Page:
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The Magician from the North,
By A Customer
This review is from: Complete Hans Christian Andersen Fairy Tales (Hardcover)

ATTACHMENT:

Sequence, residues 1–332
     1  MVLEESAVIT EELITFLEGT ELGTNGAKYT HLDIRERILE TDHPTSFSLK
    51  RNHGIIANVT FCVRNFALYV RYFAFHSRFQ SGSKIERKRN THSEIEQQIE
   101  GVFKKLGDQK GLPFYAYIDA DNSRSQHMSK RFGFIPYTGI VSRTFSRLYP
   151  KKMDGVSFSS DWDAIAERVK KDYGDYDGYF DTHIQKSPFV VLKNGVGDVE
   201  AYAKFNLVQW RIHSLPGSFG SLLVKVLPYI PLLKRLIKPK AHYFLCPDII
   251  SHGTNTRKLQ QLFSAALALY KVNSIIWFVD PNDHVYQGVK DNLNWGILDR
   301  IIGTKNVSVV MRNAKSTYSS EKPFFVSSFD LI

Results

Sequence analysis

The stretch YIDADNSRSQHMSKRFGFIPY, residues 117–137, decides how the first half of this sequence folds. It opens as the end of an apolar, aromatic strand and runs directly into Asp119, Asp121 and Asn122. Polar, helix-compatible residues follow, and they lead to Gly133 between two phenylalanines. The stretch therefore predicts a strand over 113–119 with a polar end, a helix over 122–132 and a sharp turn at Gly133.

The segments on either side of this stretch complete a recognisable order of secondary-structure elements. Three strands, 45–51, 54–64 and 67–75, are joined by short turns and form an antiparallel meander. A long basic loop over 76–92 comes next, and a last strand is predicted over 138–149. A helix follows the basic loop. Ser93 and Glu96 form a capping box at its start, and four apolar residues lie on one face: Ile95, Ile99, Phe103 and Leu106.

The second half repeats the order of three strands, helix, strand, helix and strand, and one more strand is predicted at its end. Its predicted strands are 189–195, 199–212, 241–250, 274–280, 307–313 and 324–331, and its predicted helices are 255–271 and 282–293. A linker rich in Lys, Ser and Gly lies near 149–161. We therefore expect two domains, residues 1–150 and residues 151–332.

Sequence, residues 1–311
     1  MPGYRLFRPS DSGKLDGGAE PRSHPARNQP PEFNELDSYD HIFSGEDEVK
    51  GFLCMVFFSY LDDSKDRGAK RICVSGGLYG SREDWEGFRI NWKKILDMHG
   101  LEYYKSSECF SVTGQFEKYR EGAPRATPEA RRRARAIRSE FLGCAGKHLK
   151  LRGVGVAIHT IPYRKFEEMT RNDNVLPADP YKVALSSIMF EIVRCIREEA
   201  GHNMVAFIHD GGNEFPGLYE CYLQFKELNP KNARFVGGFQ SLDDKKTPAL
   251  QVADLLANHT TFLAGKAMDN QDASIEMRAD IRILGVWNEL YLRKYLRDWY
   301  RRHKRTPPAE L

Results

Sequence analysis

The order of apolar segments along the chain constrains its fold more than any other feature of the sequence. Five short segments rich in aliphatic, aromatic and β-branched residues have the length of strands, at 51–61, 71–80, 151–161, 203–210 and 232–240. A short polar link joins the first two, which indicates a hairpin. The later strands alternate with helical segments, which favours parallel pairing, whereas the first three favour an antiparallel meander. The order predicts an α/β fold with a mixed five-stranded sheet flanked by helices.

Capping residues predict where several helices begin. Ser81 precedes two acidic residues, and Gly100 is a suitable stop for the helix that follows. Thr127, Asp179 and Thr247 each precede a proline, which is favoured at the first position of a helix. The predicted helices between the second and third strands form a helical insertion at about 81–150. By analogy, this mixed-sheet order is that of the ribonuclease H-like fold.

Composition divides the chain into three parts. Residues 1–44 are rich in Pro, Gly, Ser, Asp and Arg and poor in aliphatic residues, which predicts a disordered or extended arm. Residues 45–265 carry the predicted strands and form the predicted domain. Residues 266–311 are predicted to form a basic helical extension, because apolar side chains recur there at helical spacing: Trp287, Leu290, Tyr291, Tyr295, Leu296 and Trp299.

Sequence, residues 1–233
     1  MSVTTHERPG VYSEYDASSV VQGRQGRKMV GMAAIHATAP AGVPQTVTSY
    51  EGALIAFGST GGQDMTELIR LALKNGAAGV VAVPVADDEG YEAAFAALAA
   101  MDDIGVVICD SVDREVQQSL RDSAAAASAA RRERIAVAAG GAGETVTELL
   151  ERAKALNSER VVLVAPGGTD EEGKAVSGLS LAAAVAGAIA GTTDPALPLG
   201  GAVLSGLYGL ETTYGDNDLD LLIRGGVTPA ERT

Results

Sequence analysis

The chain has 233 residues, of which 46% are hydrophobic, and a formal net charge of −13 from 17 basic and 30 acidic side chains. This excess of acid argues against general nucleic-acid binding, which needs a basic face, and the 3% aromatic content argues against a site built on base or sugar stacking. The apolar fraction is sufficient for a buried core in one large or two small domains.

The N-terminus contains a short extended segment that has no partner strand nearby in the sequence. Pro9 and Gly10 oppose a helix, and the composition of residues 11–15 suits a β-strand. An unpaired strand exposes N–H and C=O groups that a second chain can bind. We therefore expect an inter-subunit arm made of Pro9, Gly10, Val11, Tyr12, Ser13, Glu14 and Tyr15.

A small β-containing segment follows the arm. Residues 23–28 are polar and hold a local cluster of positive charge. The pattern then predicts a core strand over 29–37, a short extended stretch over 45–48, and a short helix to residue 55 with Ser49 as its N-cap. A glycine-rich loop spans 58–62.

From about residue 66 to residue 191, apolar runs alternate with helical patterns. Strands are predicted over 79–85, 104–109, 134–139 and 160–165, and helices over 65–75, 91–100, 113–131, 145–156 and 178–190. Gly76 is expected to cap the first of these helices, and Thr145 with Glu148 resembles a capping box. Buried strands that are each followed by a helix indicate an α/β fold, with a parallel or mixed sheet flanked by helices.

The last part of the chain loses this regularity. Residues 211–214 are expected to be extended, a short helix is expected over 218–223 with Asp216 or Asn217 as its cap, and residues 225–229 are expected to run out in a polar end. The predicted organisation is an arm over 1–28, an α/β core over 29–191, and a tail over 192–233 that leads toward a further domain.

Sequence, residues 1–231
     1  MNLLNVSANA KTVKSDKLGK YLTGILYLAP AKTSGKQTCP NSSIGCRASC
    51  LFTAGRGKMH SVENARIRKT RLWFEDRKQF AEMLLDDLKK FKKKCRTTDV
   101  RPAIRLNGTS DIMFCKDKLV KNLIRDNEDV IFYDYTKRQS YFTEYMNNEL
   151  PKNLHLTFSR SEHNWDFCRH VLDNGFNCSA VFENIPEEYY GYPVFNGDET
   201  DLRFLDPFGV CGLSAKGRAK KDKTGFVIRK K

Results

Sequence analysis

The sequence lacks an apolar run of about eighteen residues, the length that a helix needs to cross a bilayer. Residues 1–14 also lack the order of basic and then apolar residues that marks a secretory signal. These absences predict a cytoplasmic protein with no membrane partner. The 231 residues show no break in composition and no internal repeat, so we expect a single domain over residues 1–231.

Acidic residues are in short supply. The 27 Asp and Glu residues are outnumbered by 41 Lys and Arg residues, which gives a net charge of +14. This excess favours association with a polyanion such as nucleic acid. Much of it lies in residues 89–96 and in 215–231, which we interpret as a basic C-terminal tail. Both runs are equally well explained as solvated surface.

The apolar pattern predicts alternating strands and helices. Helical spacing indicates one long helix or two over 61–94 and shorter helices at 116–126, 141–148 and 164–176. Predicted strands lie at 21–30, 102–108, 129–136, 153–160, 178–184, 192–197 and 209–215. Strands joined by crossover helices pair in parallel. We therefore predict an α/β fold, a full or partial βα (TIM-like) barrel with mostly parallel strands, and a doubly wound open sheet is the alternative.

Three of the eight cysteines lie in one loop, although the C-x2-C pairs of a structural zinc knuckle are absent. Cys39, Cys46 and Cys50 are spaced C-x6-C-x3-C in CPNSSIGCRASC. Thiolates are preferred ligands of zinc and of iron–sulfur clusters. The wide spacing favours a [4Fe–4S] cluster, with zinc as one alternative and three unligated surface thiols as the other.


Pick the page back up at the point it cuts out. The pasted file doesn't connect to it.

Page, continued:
It ought to be a source of some astonishment that the writings of Hans Christian Andersen have triumphed over the passage of time as they have. Who is more stolidly nineteenth-century, more bourgeois, more moistly sentimental, than this ever-lonely Danish poet and fabulist? Yet the continuing stream of translations and adaptations of his work--of which Disney's diluted and distorting version of his great "Little Mermaid" is only the most famous recent example--testifies to the ageless qualities of his genius. He often represented himself as the mere mouthpiece of traditional lore, the transmitter of the folk wisdom of his nurses; in our day he is tucked away with Mother Goose rhymes and other noncontroversial literature. Neither mode of understanding fully represents him. He belongs to that remarkable category--small even among great writers--of myth-makers, whose characters have come to assume near-archetypal significance. The little mermaid, the dauntless tin soldier, the ugly duckling are no longer simply memorable: they are continuing analogues for the developing self. He is a writer for children only in the sense that children deserve the best literature. His stories offer nothing easy, and little that is sweet: they puzzle and trouble; they take root in the imagination, and childhood is only the beginning of our long relationship with Andersen's haunting images. Is it joy or sorrow that first makes us weep for Elisa and her unlucky brothers in "The Wild Swans"? Who but Andersen could have dared to make the inanimate fixity of the tin soldier an image of the steadfastness of deep love in adversity? Who could forget the robber girl in "The Snow Queen," gruffly loyal,never sleeping without her knife? He wrote his tales with the colloquial humility of the storyteller, spiced with wit and homely details that give his great themes a distinctive flavor:the oysters clamped to the royal merfolk's tails in "The Little Mermaid," or the puppet queen offering her cr! own to the wandering friends in "The Traveling Companion." Andersen's sway over the writing of literature for children is well known, but more could be said about his deep influence on psychological theory, and the fascination he has exerted on contemporary writers, from Ursula Synge and a host of other fantasists to poets such as Marilyn Hacker and Anne Sexton. He importantly anticipates, and may have influenced, writers as important and diverse as Isak Dinesen, Franz Kafka, and Gabriel Garcia Marquez. With a writer as rich, as pleasing, as rewarding, as Hans Christian Andersen, it is never too soon to commence reading his tales, and it is never too late to read them again.